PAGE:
Second was the aggressive approach that the Court chose. The obvious alternatives were the rule that prevailed in most Circuits, that any settlement is immune from antitrust attack if it is facially "within the scope of the patent." Under this approach the court may not second guess the settlement by inquiring into the validity of the patent; the settlement itself shields this query from the court. A second alternative concludes that a very large settlement payment is a sign that something is wrong with the patent, inviting the court to look more closely at the underlying patent to determine whether the settlement is really a good faith attempt to manage litigation and business risk. A third approach is that a large settlement exclusion payment disproportionate to litigation risk can be unlawful under antitrust's rule of reason, without inquiry into whether the patent is actually invalid, and even if the settlement agreement does not go "beyond the scope" of the patent's nominal coverage. Finally, the court might apply a "quick look," or truncated, antitrust analysis in which the plaintiff can enjoy presumptions about market power or anticompetitive effect. The Supreme Court chose the third, or rule of reason, option, but it made clear that the plaintiff need not make a long form rule of reason showing and suggested important shortcuts. Payments whose size correlates with risk are essential to entrepreneurial decision making, but entrepreneurial risk is usually private in the sense that the firm risks the resources of its own shareholders. In the pharmaceutical pay-for-delay setting, however, what is being placed at risk is both the investment of the pioneer and the welfare of consumers, interests that pull in opposite directions. Consumers represent an important externality. They are not participants in this dispute, but they stand to lose the benefits of competition that would otherwise have occurred. While the Court did not discuss private consumer challenges, its substantial revision of the law applies equally to private actions and it is reasonable to expect that several will emerge. Purchasers seeking antitrust overcharge damages from an anticompetitive pay-for-delay settlement should be able to proceed without proving patent invalidity, although they would be subject to the same rule-of-reason constraints that the Court created for the FTC. Finally, the breadth of the Activis opinion makes it relevant for many situations outside of the Hatch-Waxman context. For example, the Court's dicta severely limited its 1926 GE decision permitting price fixing among a patent and its licensees, and implicitly overruled decisions such as Bement, which permitted product price fixing among the members of a patent pool. A central question was whether the Patent Act, either explicitly or by reasonable implication, authorized the challenged conduct. If the answer is no, ordinary antitrust analysis can proceed.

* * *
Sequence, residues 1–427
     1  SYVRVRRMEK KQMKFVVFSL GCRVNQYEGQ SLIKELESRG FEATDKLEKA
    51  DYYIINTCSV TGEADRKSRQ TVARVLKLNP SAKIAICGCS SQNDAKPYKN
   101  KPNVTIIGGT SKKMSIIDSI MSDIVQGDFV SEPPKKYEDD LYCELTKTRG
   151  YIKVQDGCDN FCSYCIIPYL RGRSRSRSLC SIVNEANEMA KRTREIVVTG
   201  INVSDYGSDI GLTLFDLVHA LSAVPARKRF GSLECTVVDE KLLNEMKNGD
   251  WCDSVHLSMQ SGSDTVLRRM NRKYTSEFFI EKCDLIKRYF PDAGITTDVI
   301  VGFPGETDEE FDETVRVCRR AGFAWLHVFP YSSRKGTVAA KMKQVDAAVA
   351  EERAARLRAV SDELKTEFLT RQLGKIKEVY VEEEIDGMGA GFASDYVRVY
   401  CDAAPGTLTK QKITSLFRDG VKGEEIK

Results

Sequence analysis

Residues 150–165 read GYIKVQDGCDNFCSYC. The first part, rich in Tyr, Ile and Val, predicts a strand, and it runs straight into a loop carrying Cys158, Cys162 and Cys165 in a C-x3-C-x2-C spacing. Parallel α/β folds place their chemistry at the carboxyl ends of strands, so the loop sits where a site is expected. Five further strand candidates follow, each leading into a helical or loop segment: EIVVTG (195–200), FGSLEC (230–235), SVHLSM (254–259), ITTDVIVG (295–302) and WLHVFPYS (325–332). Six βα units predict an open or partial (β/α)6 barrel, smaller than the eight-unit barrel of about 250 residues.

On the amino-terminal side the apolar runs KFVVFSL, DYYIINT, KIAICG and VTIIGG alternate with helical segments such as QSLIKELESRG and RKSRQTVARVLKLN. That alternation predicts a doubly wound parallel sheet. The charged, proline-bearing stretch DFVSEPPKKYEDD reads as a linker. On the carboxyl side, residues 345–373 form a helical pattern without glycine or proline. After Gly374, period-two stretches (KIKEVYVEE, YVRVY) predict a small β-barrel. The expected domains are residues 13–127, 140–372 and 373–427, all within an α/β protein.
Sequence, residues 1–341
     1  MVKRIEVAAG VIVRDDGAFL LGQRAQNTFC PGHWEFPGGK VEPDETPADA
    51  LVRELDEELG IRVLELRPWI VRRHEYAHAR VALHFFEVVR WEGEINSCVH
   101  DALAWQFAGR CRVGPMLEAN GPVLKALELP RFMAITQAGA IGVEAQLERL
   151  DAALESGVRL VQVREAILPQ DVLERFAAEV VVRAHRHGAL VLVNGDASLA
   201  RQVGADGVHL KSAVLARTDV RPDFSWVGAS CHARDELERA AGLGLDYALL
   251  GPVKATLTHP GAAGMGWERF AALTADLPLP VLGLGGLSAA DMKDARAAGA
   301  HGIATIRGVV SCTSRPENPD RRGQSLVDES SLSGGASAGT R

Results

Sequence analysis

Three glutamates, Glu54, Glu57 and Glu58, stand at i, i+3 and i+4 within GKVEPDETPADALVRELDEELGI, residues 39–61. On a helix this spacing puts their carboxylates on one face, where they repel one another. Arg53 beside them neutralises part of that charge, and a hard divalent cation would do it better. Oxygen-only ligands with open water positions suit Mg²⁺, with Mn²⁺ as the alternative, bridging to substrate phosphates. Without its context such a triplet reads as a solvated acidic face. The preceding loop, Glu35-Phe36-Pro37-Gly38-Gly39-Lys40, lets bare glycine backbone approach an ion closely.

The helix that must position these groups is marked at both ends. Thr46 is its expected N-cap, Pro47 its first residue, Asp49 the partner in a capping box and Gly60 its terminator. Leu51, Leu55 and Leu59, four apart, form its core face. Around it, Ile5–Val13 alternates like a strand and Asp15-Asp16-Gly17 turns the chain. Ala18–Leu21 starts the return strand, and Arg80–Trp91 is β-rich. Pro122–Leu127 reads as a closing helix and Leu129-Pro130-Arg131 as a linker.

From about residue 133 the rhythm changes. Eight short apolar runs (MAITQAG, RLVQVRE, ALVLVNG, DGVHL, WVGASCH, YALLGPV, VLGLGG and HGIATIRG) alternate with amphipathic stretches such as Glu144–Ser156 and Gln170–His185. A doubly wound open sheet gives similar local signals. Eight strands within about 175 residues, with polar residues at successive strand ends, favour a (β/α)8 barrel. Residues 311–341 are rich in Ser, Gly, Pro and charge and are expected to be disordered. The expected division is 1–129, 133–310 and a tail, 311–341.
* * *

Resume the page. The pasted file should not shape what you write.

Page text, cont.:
July 29, 2013 | Permalink | Comments (0) | TrackBack (0)

FTC v Actavis, Inc: When is the Rule of Reason Not the Rule of Reason?

Posted by D. Daniel Sokol

Thomas F. Cotter, University of Minnesota Law School asks FTC v Actavis, Inc: When is the Rule of Reason Not the Rule of Reason?

ABSTRACT: The U.S. Supreme Court’s recent decision in FTC v. Actavis, Inc. brings some resolution to the decade-long dispute over the level of antitrust scrutiny that is appropriate for evaluating the legality of "reverse-payment" or "pay-for-delay" agreements settling pharmaceutical patent infringement litigation between brand-name and generic drug companies. Writing for a 5-3 majority in Actavis, Justice Breyer rejected both the scope-of-the-patent test and the presumptive illegality approach, and held instead that courts should review reverse-payment settlements under the rule of reason. Or say the opinion states. In reality, the Court appears to have all but in name adopted the presumptive illegality approach it purported to reject. One might speculate about the political or prudential considerations that went into the majority’s characterization of what it was actually doing, but as I read the opinion reverse-payment settlements of the type at issue in Actavis are now subject to a de facto regime of presumptive illegality. In my view, this is a welcome result.

July 29, 2013 | Permalink | Comments (0) | TrackBack (0)